Versus the competiton:
I never thought I would meet a Mazda Miata I couldn’t like.
Then came this week’s test car, the Miata R, one of two limited edition models Mazda is peddling this year.
The other special car, the Miata M Edition, is a fully loaded luxury machine costing $22,000 and change. It’s basically the same as the black-and-red special edition Miata I tested last year, but with a new color scheme and some minor trim changes.
The Miata R, however, has no luxury items at all.
The R after the Miata name stands for racing. And that means most items that don’t contribute to the car’s ability to go, stop and turn have been left off.
Hard to steer, noisy over rough roads and somewhat uncomfortable, the Miata R somehow manages to erase most of the charm and goodwill created by the original Miata.
Unless you like driving a stripped down, bare-bones car designed for the racetrack, you probably won’t find much to like about the Miata R.
For 1994, the Miata’s double overhead cam, four-cylinder engine has been stretched from 1.6 liters to 1.8 liters, and horsepower has been increased from 116 to 125. The bigger, more powerful engine is standard on all Miatas.
Instead of tweaking the engine’s tuning or making any mechanical changes to increase power, Mazda opted to make the car lighter by taking out the power steering and most accessories, such as power windows and mirrors and cruise control.
Mazda spokesman Fred Aikins in California estimated that the Miata R is about 50 pounds lighter than the standard Miata, and he said the performance gained by leaving out all that equipment is marginal at best.
What I can’t figure out is why anyone would pay nearly 20 grand for a stripped Miata when for about the same money you can get one with all the goodies and have the almost same performance.
In any case, the 1.8-liter engine delivers spirited performance. The Miata is no lightning bolt, but it is very quick, snappy and agile. Figure 0 to 60 mph in8.8 seconds.
The exhaust emits a hearty growl that, especially with the top down, enhances the driving experience. You find yourself revving the engine with a little extra enthusiasm just to hear the sporty rumble from the exhaust.
There’s plenty of passing power and, once at cruising speed, the Miata settles in quietly.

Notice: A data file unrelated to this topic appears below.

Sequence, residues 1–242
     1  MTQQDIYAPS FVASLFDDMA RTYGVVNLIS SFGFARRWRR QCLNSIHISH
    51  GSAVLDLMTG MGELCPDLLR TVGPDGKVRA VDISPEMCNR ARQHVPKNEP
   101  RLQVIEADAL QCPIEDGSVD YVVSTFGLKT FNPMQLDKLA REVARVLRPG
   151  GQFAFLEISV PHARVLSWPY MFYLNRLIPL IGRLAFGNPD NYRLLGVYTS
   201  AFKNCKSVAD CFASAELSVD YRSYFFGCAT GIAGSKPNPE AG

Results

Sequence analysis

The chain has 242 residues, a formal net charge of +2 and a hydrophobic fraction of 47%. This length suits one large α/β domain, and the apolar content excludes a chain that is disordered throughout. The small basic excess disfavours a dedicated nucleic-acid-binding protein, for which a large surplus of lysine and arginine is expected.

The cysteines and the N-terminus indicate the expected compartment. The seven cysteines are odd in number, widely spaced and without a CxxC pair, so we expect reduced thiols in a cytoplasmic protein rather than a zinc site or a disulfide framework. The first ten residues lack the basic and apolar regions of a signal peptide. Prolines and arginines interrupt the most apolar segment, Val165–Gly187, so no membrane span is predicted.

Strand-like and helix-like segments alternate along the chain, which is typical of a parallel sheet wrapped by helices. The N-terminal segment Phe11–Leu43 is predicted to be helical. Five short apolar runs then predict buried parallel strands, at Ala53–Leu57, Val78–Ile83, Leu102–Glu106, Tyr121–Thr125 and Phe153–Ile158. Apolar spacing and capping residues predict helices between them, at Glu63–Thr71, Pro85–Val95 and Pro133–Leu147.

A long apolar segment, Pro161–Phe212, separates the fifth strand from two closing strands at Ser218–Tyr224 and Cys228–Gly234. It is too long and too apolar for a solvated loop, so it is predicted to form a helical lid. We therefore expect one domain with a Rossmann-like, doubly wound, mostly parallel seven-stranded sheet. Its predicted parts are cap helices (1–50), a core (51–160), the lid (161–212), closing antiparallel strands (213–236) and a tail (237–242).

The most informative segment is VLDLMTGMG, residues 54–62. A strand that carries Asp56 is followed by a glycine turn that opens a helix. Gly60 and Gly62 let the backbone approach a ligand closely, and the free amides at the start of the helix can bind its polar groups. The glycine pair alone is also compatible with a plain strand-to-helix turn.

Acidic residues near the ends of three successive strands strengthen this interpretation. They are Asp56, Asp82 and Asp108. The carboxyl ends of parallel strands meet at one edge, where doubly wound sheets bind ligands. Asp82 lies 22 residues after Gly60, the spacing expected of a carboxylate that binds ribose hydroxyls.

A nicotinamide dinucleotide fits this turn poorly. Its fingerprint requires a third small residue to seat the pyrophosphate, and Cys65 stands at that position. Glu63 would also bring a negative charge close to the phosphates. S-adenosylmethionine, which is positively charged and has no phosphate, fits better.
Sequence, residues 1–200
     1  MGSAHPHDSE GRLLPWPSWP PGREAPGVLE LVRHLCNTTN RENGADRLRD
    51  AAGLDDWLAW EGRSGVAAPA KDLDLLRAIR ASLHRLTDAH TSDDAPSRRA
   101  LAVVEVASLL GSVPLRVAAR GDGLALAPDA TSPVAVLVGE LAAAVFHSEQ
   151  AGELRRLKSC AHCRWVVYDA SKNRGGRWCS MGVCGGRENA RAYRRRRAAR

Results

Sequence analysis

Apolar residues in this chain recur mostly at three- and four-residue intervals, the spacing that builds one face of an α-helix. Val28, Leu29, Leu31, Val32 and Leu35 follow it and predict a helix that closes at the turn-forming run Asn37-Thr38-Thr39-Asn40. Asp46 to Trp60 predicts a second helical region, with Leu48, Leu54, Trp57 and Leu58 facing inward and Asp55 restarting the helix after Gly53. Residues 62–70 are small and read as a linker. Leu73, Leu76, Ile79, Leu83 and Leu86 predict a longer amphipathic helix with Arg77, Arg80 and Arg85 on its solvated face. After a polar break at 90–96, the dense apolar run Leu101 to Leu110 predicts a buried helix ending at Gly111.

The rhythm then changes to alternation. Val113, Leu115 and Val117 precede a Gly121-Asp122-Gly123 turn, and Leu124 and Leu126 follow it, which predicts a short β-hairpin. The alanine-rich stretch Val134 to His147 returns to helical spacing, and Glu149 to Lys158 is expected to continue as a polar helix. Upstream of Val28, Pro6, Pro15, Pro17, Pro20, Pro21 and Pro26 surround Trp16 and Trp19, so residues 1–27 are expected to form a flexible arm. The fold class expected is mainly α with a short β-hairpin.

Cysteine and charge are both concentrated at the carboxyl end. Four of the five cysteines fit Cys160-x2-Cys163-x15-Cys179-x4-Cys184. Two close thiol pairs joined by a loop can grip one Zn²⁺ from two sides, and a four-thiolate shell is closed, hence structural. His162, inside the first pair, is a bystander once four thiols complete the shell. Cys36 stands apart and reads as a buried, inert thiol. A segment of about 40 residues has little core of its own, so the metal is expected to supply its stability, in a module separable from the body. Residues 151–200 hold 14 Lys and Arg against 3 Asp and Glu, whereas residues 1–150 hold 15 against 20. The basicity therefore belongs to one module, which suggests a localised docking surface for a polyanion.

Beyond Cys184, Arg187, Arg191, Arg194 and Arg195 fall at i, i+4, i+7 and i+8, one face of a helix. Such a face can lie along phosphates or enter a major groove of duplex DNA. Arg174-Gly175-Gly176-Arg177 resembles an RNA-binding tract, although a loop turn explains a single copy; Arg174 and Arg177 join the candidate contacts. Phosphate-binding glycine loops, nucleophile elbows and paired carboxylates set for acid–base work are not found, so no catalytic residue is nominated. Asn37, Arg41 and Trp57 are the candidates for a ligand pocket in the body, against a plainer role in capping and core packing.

Fuel mileage was generally excellent. With the air conditioner on, I averaged better than 26 mpg in combined city/highway driving.
Because the Miata R doesn’t offer much better acceleration, you might be thinking that it handles far better than the regular model.
But I don’t want to mislead you here. The Miata, with a perfect 50/50 weight balance, handles wonderfully. With 50 percent of the weight on the rear wheels and 50 percent on the front, the Miata has a feeling of balance and steadiness that few other sporty cars can equal.
But because the Miata alr eady handles so well, there just isn’t much room for improvement.
Even though the Miata R handles well in a tight, fast curve, it is not much fun to drive. Without power steering, turning the car is a chore. It takes quite a bit of effort to turn the wheel when doing something like backing out of a parking space. And because the steering is so heavy, the Miata R loses much of its lightning-quick reflexes when you change lanes.
I’m convinced the standard model Miata has the best suspension system. I can see no advantage in the Miata R’s high performance setup.
Mazda engineers fitted the Miata R with a special set of Bilstein racing shocks, a limited-slip differential, stiffer suspension bushings and modified stabilizer bars. In doing so, it’s as if they removed the car’s ability to take a bump without causing the whole car to shake, rattle and roll. The suspension is so stiff that each inconsistency in the pavement sends shock waves of energy through the entire ca . That makes it annoying to drive.
FIT AND FINISH
Except for a powerful AM/FM cassette radio and air conditioning, our test car offered nothing in the way of luxuries.
A base model Ford Mustang, Chevrolet Camaro or Pontiac Firebird convertible offers more of everything than the Miata R -and for far less money.
Mazda made a minor but annoying change in the interior of all its Miatas this year. The inside door panels have been redesigned to incorporate map pockets just below the handles. The new style door panels do away with the large armrest. Now there’s no place to prop your left arm when driving. Instead, you have to rest your arm on top of the window ledge.
The cloth-covered seats in the Miata are unusually comfortable, and they offer good support.
All Miatas this year are outfitted with dual air bags. Optional anti-lock brakes add $900 to the price of the regular Miata, but are not available on the Miata R. That seems strange, because this is the car that is intended to be driven aggressively.
Front and rear spoilers, special wheels and large white racing stripes on the hood and trunk are the most noticeable features of the Miata R.
Mazda still hasn’t addressed a problem I’ve noticed in every Miata I’ve tested since the car first came out five years ago. Interior lighting is exceptionally poor. At night, one small light facing down from the passenger-side dash is all the interior lighting available.
Mazda has made some beautiful special edition Miatas in the last three years. But it’s made some mistakes too. The Miata with the optional automatic transmission has not sold particularly well. I can’t see how this one will either.
Truett’s tip: If you have your heart set on a Miata, you’ll probably want to steer clear of the R model. It is expensive, unrefined and tiresome to drive.